Boise State vs. San Diego State Odds, Picks & Predictions: Bet Broncos to Cover in Rock Fight on Friday (Nov. 26)

Boise State vs. San Diego State Odds, Picks & Predictions: Bet Broncos to Cover in Rock Fight on Friday (Nov. 26) article feature image
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Tyler Ingham/Icon Sportswire via Getty Images. Pictured: George Holani.

  • The Boise State Broncos (-3) and San Diego State Aztecs kick off Black Friday's college football slate at Noon ET on CBS.
  • San Diego State boasts a 10-1 overall record this season but just a middling ATS record. Meanwhile, the Broncos are surging, winners in four consecutive games.
  • Boise State has covered the spread in six of its last eight games. Should we expect that trend to continue on Friday?

Boise State vs. San Diego State Odds

Friday, Nov. 26
12 p.m. ET
CBS
Boise State Odds
Spread Total Moneyline
-3
-105
44.5
-110o / -110u
-155
San Diego State Odds
Spread Total Moneyline
+3
-115
44.5
-110o / -110u
+135
Odds via DraftKings. Get up-to-the-minute college football odds here.

Nothing like a noon ET kick to get things started on Black Friday as you lay on your couch with a plate full of Thanksgiving leftovers and a pocket full of betting tickets. That’s, of course, if you’re on the East Coast.

How about a 9 a.m. local start time for everyone on the West Coast? That’s exactly what we have here when San Diego State “hosts” Boise State a few hours from campus at its 2021 home location in Carson, California.

Turkey breakfast burritos, anyone?

I’ll be interested to see how the early time impacts the play on the field since it’s not like we have a huge dataset of 9 a.m. kickoffs. I can’t imagine many fans will be in attendance early in the morning on Black Friday two hours from campus.

San Diego State should be wide awake for this matchup with so much on the line. The Aztecs can clinch the West Division with a victory and punch their ticket to the Mountain West Conference Championship game to take on Utah State (most likely) or Air Force.

Although, it’s worth noting that San Diego State could already have the division locked up if San Jose State beats Fresno State on Thursday. The Aztecs would also host the championship as long as Air Force doesn’t lose at home to UNLV.

Speaking of an Air Force loss, that’s what Boise State needs (in addition to a victory) to win the Mountain Division. Unfortunately for Broncos fans, that’s not very likely considering the Falcons are 18-point favorites.

In case you’re curious, if both Air Force and Utah State (-15.5 at New Mexico) win, the Mountain division winner would still depend on Boise’s result. Air Force needs Boise to win, while Utah State needs the Broncos to lose.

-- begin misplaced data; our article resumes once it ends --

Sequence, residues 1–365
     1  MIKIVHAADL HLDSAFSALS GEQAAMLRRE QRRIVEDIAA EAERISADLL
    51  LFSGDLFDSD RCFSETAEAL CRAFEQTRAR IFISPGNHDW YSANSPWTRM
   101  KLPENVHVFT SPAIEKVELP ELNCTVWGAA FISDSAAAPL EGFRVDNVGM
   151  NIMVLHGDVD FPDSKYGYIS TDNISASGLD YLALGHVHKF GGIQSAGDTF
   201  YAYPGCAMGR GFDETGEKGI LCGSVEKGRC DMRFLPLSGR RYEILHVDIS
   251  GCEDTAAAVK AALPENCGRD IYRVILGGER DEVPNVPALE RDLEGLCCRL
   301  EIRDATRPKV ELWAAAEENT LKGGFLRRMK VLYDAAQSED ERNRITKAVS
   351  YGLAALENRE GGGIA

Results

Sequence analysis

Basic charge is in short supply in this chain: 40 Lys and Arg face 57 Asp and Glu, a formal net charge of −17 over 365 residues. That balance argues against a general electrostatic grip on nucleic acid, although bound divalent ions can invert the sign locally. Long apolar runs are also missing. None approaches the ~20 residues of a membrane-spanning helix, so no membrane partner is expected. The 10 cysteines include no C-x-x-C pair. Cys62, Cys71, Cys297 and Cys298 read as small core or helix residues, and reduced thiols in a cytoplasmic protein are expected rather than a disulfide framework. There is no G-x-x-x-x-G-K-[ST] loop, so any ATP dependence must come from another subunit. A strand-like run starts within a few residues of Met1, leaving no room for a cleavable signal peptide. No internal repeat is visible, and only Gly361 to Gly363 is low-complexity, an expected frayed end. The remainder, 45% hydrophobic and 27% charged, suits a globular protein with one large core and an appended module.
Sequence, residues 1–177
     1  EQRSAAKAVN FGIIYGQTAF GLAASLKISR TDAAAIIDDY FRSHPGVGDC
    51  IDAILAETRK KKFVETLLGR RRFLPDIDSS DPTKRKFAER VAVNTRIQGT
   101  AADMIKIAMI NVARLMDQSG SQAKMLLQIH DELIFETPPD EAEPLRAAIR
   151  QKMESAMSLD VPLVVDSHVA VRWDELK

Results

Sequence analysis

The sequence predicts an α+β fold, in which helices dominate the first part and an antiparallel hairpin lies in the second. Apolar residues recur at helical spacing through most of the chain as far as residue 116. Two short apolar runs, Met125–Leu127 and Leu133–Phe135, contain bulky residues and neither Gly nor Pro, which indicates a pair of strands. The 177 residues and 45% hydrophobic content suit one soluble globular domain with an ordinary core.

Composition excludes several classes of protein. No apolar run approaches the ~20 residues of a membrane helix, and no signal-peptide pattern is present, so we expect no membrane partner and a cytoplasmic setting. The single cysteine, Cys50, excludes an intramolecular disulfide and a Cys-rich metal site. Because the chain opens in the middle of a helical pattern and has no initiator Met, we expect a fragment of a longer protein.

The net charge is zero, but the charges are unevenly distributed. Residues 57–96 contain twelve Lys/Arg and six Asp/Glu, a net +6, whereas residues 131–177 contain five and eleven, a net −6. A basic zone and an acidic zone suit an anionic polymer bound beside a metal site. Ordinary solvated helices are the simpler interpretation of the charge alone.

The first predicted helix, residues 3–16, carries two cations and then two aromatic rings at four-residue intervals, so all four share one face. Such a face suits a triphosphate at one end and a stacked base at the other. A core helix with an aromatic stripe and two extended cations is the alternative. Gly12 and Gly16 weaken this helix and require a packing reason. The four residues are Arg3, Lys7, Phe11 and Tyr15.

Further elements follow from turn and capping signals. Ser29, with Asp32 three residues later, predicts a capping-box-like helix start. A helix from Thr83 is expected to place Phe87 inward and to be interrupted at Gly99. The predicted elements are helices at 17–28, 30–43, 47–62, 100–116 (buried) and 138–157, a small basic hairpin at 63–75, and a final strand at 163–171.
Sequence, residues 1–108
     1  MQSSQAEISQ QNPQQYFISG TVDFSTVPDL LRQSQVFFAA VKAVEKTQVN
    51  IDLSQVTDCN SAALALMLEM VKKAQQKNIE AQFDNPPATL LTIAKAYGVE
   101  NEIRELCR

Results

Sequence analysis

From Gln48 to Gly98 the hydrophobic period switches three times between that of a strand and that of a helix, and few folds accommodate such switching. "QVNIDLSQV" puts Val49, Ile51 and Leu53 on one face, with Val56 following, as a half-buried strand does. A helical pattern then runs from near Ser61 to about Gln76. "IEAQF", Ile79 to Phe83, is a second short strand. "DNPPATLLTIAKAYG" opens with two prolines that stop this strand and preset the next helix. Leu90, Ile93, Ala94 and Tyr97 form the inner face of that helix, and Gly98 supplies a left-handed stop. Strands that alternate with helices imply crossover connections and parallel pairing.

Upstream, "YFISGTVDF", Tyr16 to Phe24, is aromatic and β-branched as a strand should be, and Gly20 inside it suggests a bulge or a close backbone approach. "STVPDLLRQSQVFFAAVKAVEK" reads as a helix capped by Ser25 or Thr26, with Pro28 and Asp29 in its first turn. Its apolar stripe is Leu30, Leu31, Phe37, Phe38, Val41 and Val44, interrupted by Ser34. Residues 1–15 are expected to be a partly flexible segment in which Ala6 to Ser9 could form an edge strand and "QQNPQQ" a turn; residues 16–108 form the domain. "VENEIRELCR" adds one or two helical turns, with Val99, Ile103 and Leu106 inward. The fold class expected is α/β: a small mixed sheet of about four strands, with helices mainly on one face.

So, who has the edge in this Mountain West breakfast brawl on the West Coast to kick off the Friday afternoon slate? Let’s take a closer look.


Boise State Broncos

Boise State Closing Strong

Sitting at 7-4 on the season, Boise State has had a disappointing overall season for its lofty standards. However, the Broncos have really come on of late, winning four straight after a seemingly very productive bye week.

The improvement as the season has progressed shouldn’t come as too much of a surprise with a brand new coaching staff. This past offseason, Andy Avalos took over as head coach and brought in new defensive assistants and new offensive coordinator Tim Plough.

Avalos is a brilliant defensive mind, so I’m not shocked to see the defense really turn it on in recent weeks. Since the bye week, if you remove two garbage-time touchdowns, the Broncos have only allowed eight points per game. That includes an absolute rout of then-ranked Fresno State on the road and a historic performance against New Mexico.

Been finishing two stories for tomorrow’s @TheIdahoPress, but Boise State completes 37-0 shutout of New Mexico on Senior Night.

First shutout since Hawaii in 2015, and the 101 yards allowed is fewest since 2015 Poinsettia Bowl when Northern Illinois had 33.

— B.J. Rains (@BJRains) November 21, 2021

Not only has the team caught on to the new scheme, but Avalos also made a few personnel changes in the secondary that have paid dividends with increased playing time for Caleb Biggers and Kaonohi Kaniho at cornerback.

The defensive line also got healthier overall from a depth perspective, which has led to an improvement against the run.

The defense also had to deal with a number of key players being lost for important stretches due to targeting calls earlier in the season: